Run For All are a not-for-profit events organisation that was born out of the fundraising legacy of athlete Jane Tomlinson. They arrange marathons, 10k runs, walks etc. throughout the year, raising money for local and national charities.
The Dales Festival is a combination of five events - three walks and two trail runs. There are three routes; one is 26 miles long, one is 16 miles and the other is 5 miles. All three routes finish in Settle, and while the 5 and 26-mile routes also begin there, the 16-mile route starts at the Ribblehead Viaduct.
August the 21st 2022 was a busy day in the Yorkshire 4x4 Response calendar - we already had responders supporting Tribfest and the York Land Rover Show, but when Run For All requested support we were able to allocate three responders to help them out, despite the short notice.
We were directed to meet at the Station Inn, close to the Ribblehead Viaduct, at 7.45 for a briefing at 8 am. That meant an early start for all of us, and I set off at 6 am with a flask of hot coffee and a packed lunch - luckily the weather forecast was good, but it was still a little chilly at that time.
I arrived first at the meeting point, and made the mistake of pulling into the Station Inn carpark - I didn’t realise that it was also where camper vans set up for their night, so the last thing they need is any noise. I quietly backed out once I saw what I had done, though an angry woman in a dressing gown gave me a poisonous stare just to make sure I got the message!
I parked up by the bridge and busied myself applying my magnetic signs and amber beacon - because this event requires us to slow traffic to protect the participants, it’s best to make sure we’re as visible as possible. It wasn’t long before the other responders arrived, shortly followed by the event organisers.
They requested that we help to temporarily stop traffic while the runners crossed the road, and then do the same again for the walkers before following them down the first couple of miles of road - one to stay behind the backmarker, and one a bit further back to slow the traffic and give them some protection around the bends as there is no footpath on this part of the route.
We were happy to oblige and we divided the duties between us - I closed the road by the Station Inn as requested, and the few motorists who were briefly held up were very friendly and understanding.
We then closed the road again for the walkers, before re-opening once they were across and slowly following them down towards the Pennine Way where they would leave the public road. We left space for overtaking carefully, our role was just to make sure nobody approached the back of the pack at high speed, particularly on the corners.
By and large, the motorists were patient enough, but one or two decided to beep their horns and give a few choice words as they passed the Pennine Way turnoff - I’m not sure what they expected us to do differently, and we were there to keep people safe after all. There’s always someone who considers themselves to be more important than everyone else I guess.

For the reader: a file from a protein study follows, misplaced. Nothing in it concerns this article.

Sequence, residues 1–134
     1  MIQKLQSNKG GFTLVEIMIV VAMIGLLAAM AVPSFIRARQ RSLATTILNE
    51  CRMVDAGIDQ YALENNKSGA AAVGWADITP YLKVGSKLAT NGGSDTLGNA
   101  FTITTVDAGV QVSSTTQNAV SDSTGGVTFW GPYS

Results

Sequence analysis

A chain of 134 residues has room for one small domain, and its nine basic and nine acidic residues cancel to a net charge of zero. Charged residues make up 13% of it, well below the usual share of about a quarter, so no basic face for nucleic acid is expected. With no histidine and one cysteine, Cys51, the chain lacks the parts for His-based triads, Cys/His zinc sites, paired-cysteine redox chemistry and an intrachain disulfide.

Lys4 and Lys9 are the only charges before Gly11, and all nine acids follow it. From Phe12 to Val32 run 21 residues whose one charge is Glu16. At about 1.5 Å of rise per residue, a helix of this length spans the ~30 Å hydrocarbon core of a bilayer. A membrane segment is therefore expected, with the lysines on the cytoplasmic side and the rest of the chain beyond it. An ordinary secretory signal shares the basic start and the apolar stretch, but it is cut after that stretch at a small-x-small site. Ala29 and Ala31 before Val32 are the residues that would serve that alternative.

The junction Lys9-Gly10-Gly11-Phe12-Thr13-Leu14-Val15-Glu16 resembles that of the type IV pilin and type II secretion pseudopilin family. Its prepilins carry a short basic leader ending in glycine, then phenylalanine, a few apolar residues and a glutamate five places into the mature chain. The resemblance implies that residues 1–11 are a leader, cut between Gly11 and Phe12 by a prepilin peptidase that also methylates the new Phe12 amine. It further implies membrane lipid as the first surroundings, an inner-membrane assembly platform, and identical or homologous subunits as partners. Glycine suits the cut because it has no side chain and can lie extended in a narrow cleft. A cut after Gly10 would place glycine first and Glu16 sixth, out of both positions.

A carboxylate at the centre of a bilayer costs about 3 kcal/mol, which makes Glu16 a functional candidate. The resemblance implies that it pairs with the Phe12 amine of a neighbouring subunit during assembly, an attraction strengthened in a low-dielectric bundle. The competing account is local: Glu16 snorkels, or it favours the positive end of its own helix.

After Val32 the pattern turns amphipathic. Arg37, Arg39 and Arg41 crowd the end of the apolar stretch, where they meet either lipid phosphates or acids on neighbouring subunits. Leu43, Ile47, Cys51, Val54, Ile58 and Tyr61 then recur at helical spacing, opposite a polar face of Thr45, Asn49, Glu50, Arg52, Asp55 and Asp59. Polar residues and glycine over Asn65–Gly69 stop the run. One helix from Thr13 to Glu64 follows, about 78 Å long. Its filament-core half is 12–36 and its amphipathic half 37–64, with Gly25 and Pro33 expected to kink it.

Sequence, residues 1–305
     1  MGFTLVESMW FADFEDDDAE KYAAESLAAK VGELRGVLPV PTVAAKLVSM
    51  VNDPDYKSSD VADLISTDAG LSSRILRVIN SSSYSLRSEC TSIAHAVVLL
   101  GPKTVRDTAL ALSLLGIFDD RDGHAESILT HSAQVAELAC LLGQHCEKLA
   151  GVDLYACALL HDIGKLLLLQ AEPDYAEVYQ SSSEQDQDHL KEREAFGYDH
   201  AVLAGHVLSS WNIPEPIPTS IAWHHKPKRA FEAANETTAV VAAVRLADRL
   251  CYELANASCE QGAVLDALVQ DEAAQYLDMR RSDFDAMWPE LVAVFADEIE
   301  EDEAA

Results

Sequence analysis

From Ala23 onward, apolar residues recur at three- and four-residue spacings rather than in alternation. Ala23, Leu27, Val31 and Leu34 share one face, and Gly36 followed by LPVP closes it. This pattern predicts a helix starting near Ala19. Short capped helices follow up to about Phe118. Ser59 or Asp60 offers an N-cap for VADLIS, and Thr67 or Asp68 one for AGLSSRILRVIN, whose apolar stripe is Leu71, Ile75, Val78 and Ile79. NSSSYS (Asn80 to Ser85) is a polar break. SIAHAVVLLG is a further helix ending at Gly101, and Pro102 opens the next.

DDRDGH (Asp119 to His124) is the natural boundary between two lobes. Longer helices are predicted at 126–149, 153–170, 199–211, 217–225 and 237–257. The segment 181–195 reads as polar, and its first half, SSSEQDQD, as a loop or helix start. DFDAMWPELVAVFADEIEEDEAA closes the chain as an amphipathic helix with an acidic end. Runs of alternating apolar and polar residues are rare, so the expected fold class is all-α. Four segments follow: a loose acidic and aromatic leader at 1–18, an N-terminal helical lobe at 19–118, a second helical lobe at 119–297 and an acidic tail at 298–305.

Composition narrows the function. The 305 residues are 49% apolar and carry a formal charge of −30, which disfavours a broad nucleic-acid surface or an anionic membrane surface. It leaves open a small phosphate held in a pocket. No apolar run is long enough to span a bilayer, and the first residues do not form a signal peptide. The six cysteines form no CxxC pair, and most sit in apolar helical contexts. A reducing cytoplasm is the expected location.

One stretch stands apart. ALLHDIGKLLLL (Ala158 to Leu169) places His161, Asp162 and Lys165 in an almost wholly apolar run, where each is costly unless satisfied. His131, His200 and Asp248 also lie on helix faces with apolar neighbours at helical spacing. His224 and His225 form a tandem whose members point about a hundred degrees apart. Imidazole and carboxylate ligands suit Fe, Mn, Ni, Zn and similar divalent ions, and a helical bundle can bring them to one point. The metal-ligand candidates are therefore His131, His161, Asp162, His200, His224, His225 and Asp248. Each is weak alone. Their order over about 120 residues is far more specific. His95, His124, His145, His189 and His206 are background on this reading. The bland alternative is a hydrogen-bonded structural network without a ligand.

Once the public roads were clear, two of us headed down to the next checkpoint to await any retirees - we only had one potential, who decided to continue. The other responder left to support the 26-mile walk around Malham Tarn.
Because the weather was decent without being too hot, we didn’t have many retirees and so once everyone had passed our checkpoint, and we’d helped the organisers to refill their water containers, we left to meet up on the 26-mile route where there were still active walkers.
Again it was fairly quiet, we had one or two walkers who needed a sit-down and a drink before continuing, and a couple of event organisers to transport around the course, but that was about it - better to be there and not needed though rather than the other way around.
I got a chance to take a few videos and photographs during the waiting around, some of which are included in this post and some will find their way into a future video hopefully.
Once the walkers had all been accounted for at the checkpoint, we helped them to take down the gazebo and tables and pack everything into their van before setting off for the finish line. At this point, we noted down our mileage for the event, and we each headed off home.
It wasn’t the busiest event for a 4x4 responder, but that generally means that everything is going alright so it’s a good thing. After all, we got to get out into some beautiful countryside in our vehicles, have a bit of lunch and enjoy the good weather, plus chat with our mates and some of the folks taking part in the events too.
If that sounds like your idea of fun, why not join Yorkshire 4x4 Response and volunteer with us? You don’t need a 4x4, there’s plenty you can help with that doesn’t require you to tow or go off-road.
In the next part of this series, I will share my experiences of the third monthly meeting I attended as a responder. Please subscribe to be updated on new posts as soon as they're published.